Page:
According to the Washington Times the labor department paid a PR firm to run 100+ commercials bragging about the Obama administration's "green training" job efforts. The commercials were run on two MSNBC cable shows in 2009, Rachel Maddow and Keith Olberman.
FYI when a TV buyer purchases TV they are not purchasing number of commercials, they are purchasing a certain number of ratings points at a certain cost per thousand people reached (CPM).
Spending reports under the federal Recovery Act show $495,000 paid to McNeely Pigott & Fox Public Relations LLC, which the Labor Department hired to raise awareness "among employers and influencers about the [Job Corps] program's existing and new training initiatives in high growth and environmentally friendly career areas" as well as spreading the word to prospective Job Corps enrollees.
The firm ultimately negotiated ad buys for "two approved spots" airing 14 times per week for two months on "Countdown With Keith Olbermann" and "The Rachel Maddow Show," according to a project report, which listed the number zero under a section of the report asking how many jobs had been created through the stimulus contract.Forgetting for a second that the entire purchase is objectionable, if the PR firm really based their buy on number of spots---well let's just say we got screwed. When TV time is purchased on a CPM basis there is a possibility to negotiate bonus spots if the shows' ratings tank.
David Williams, president of the nonprofit watchdog Taxpayers Protection Alliance, called the contract "questionable" because it created no jobs and because of the placement of the ads on shows viewed as friendly to the administration's policies.From a strategic point of view this was a lousy ad buy for a few reasons. First of all a PR firm is not skilled at buying Media. To get the best rates the labor department should have gone to a media buying service or an ad agency.
"Hiring a PR firm does not create jobs, and this was obviously meant for selling a particular political agenda," Mr. Williams said. "The placement really reeks of a political ad rather than a job ad, and taxpayers see through this.
"Taxpayers would be a lot happier at the end of the day to see a completed road rather than a bunch of ads on cable television," he said.
In a joint email statement to The Times from two Labor Department spokesmen, David Roberts and Michael Volpe, officials said the money was used for outreach efforts to raise awareness among potential employers about the Job Corps' green training in career areas, including automotive, advanced manufacturing and solar-panel installation.An advertiser can also find employers and influencers on the rest of CNN, MSNBC and Fox. In fact some advertisers might look to advertise on the Golf Channel to reach influencers. To be honest TV is nice but if I was developing a media plan to reach employers and influencers (something I have done dozens of times over the past 30 years) the first places I would go would be magazines and newspapers. Also in the consideration set would be direct mail/email and targeted internet/digital. Those media are far more targeted and more personal than television. Frankly a national TV buy on two low rated programs will reach very few people within the labor department's target audience, but will expose them with great frequency.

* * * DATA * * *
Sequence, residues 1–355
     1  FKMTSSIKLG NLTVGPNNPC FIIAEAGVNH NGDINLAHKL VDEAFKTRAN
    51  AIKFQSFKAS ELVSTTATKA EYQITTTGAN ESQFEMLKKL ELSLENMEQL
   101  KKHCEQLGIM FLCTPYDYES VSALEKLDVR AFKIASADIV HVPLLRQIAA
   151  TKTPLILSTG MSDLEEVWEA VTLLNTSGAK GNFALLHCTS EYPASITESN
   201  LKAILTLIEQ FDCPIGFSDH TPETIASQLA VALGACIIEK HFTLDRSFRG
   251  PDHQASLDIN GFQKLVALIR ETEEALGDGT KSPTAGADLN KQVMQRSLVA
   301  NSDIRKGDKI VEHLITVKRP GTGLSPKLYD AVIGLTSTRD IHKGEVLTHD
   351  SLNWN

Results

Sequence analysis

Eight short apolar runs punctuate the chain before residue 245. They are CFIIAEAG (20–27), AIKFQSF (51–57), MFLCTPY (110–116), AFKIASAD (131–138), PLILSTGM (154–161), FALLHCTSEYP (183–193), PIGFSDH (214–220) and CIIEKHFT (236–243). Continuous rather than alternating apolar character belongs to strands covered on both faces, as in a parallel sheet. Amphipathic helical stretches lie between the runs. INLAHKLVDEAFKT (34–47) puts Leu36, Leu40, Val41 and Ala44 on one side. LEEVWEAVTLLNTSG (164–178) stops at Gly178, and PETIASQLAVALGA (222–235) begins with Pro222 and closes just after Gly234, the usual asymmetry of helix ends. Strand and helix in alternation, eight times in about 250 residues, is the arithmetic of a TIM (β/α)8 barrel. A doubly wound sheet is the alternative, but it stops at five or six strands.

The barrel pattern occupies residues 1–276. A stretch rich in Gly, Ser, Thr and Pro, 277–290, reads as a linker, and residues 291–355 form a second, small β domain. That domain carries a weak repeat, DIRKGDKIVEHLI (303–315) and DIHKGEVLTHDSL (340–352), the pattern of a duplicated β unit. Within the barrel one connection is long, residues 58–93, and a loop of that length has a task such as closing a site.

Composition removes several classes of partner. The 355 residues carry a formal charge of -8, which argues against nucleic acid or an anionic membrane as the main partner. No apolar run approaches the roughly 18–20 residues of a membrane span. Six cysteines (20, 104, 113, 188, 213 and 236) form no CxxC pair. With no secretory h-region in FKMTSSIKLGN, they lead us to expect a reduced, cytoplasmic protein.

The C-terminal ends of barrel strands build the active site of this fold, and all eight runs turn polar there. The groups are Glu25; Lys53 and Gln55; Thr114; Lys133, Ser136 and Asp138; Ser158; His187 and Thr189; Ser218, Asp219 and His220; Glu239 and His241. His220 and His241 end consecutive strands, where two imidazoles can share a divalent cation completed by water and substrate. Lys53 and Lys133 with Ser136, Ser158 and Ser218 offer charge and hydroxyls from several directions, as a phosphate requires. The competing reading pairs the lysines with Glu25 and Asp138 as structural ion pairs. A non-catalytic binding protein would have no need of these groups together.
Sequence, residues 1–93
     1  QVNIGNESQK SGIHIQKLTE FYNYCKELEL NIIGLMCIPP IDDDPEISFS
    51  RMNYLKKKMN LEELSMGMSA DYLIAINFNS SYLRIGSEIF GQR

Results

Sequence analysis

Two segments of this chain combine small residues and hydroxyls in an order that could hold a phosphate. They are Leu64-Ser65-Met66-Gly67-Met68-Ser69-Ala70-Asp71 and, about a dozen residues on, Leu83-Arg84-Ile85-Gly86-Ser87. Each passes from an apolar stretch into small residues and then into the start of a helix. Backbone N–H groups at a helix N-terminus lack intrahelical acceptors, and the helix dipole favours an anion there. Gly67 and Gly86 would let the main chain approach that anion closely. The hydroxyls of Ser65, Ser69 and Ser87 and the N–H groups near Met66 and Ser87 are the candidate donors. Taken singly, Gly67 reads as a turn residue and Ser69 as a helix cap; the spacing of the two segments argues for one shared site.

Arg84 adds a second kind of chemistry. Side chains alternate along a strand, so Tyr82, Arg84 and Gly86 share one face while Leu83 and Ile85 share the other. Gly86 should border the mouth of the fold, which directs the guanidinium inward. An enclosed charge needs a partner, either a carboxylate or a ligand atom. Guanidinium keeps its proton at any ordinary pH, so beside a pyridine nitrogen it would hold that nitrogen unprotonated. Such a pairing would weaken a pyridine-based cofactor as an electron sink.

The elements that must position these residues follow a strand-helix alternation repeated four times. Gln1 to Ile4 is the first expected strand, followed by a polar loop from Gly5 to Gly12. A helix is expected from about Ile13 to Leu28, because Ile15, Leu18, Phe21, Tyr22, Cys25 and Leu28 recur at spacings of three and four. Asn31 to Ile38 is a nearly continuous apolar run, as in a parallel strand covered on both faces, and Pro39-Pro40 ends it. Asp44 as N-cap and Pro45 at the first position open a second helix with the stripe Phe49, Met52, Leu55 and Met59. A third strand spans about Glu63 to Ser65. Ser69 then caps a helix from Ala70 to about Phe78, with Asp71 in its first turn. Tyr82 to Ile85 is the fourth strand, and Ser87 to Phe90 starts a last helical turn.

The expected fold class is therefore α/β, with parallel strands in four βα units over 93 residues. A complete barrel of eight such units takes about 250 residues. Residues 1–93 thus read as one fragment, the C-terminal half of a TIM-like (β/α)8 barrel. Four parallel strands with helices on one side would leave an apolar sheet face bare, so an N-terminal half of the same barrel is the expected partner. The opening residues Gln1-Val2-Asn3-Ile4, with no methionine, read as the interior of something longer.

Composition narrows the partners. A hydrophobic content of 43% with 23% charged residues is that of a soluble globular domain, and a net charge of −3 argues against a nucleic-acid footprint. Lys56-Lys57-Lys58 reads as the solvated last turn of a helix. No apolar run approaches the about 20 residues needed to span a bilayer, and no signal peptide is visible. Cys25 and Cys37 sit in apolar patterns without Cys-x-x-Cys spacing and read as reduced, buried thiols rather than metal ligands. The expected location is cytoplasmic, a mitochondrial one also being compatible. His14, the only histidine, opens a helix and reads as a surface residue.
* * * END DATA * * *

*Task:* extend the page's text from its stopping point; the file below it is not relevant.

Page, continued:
Mr. Roberts and Mr. Volpe also said Labor Department research showed that advertisements would reach the target demographic of business owners and managers interested in hiring "green-trained" employees through a programming list that initially also included shows hosted by CNN's Larry King and public television's Jim Lehrer as well as the two MSNBC programs where the ads eventually appeared.
Public television was eliminated because advertising rates were too high, Labor officials said, and Larry King was dropped because MSNBC held the potential to reach more viewers, officials said. Officials gave no indication whether their research indicated if Fox News, ESPN or other cable outlets were considered for the Job Corps ads.Effective is a tricky word. If the labor department means that Olbermann had higher ratings than Larry King they are right, but that doesn't make it more effective.
The Labor Department said that as measured in "gross impressions per spot," the two MSNBC shows — Mr. Olbermann is no longer with the network — were twice as effective compared with running ads on Mr. King's show, which also is no longer on the air.
Say you were buying dog food at the supermarket. You get to the pet food aisle and see two compatible brands. Brand A is sold in a ten pound bag for 10 dollars, Brand B is sold in a 20 pound bag for 25 dollars. Based on the labor department's words, Brand B would be more effective because its bigger. The truth is that you could buy two bags of Brand A, have the same amount of dog food and still have five bucks left over to contribute to Obama's higher taxes.
On the other hand if Brand B was healthier for the dog you then you might consider it more effective. But according to their explanation, quality of audience was not in their consideration set.
Purchasing advertising time, with stimulus dollars is not the best use of tax payer money especially when you realize we were told the money would be for shovel ready projects to create jobs. While Keith Olbermann was and Rachel Madow is good at "shoveling" Obama's BS into American homes each night these expenditures generated exactly 0 jobs.
If the Obama administration is going to waste our money on an Ad buy, perhaps they could make an effective one, rather than simply rewarding the network which broadcasts his propaganda 24-hours a day.